March for the National Day for the Dignity of the Victims of the Internal Armed Conflict, Photo credit: EFE

Yesterday, Guatemala celebrated the 25th National Day for the Dignity of the Victims of the Internal Armed Conflict. Survivors from across the country marched through Guatemala City to honour the loved ones who were taken from them by state violence, to demand the return of the disappeared, and to call for justice and respect for historical memory. 

The National Day for the Dignity of the Victims of Guatemala’s Internal Armed Conflict takes place each year on the anniversary of the publication of the Historical Clarification Commission’s (CEH) “Guatemala: Memory of Silence” report in 1999. The report documented the atrocities carried out by the Guatemalan state throughout the country’s 36-year Internal Armed Conflict.

Survivors have long struggled for justice and reparations for these crimes. Organizations like the Rabinal Legal Clinic (ABJP) have brought historic cases for crimes against humanity, forced disappearance, and sexual violence through the courts. They have carried out exhumations and held yearly commemorations, refusing to forget the memories of their loved ones and community members. They call on the government to provide economic reparations, guarantee non-repetition, hear cases for justice in the courts, protect historical archives documenting the conflict, and ensure younger generations learn about and understand what their ancestors lived. 

The Guatemalan State has consistently failed survivors. The Giammattei government dismantled institutions created by the Peace Accords. The State has failed to pay reparations ordered by national and international courts to victims. Accused war criminals have been let out on house arrest or freed for medical reasons. The last Congress once again sought to force through an amnesty law.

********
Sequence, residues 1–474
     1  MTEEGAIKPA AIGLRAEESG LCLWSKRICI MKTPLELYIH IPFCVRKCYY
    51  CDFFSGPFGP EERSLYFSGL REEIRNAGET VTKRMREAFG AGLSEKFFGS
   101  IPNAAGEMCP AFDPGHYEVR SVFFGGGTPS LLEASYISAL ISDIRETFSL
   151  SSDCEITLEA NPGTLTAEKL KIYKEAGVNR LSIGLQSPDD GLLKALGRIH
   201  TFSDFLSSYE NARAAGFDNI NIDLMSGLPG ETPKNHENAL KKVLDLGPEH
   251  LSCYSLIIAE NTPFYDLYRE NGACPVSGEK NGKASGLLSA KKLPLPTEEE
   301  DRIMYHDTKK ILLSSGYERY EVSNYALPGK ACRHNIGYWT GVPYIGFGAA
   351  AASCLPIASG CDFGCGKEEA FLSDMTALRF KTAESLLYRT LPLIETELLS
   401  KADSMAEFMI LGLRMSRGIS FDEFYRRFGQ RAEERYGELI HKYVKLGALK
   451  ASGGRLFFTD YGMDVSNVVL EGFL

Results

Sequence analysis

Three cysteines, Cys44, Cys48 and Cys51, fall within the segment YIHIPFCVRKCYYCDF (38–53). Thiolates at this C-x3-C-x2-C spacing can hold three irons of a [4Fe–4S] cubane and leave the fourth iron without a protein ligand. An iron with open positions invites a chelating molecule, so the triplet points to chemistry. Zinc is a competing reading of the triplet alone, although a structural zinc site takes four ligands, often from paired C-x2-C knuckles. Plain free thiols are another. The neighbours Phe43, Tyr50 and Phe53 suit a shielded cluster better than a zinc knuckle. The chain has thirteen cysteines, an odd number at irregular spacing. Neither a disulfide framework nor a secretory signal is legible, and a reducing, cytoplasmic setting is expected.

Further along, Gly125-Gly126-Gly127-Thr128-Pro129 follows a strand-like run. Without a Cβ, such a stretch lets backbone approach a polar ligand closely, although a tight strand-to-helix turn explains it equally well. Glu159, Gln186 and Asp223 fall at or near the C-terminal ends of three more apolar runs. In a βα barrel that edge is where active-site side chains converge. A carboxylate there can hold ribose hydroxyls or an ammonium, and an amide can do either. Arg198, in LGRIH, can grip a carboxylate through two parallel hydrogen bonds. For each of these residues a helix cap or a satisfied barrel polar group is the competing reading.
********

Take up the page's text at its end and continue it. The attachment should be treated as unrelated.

Changing of the Rose of Peace. Photo credit: COPADEH

However, yesterday’s commemorative events left some hope, with Vice President Karin Herrera announcing a National Dignification Plan, “whose north star is to rehabilitate the memory of the victims… as there is no possibility of authentic reconciliation if just demands are not taken into account.”

Melissa González, a psychologist with the ABJP who provides psychosocial support to survivors of violence, attended yesterday’s events, along with Máxima García and Pedrina López, two of the witnesses in the 36 Maya Achi Women’s case. In this lightly edited interview, González shares her thoughts about the struggle for justice, the importance of the National Day for the Dignity of the Victims of the Internal Armed Conflict, the lasting effects of state violence and erasure, and hopes for the future.

How are you involved in the struggle for justice?

González: I am a psychologist. I provide psychological accompaniment for the ABJP in two areas: one is accompaniment for the internal armed conflict victims and the other is for victims of crimes that occur today, including physical, sexual, and psychological violence. I have worked with the survivors in the 36 Maya Achi Women’s case since I joined the ABJP in 2020.

Why is it important to continue commemorating the National Day for the Dignity of the Victims of the Internal Armed Conflict? How did you, Doña Pedrina, and Doña Máxima commemorate the day yesterday?

González: It’s essential to dignify the memories of the people who are no longer here, who were disappeared. We must dignify their memories and recognize that [the State] attacked the people of Guatemala, especially the Indigenous peoples. We must recognize that those events were real and that they left an indelible wound that remains open today.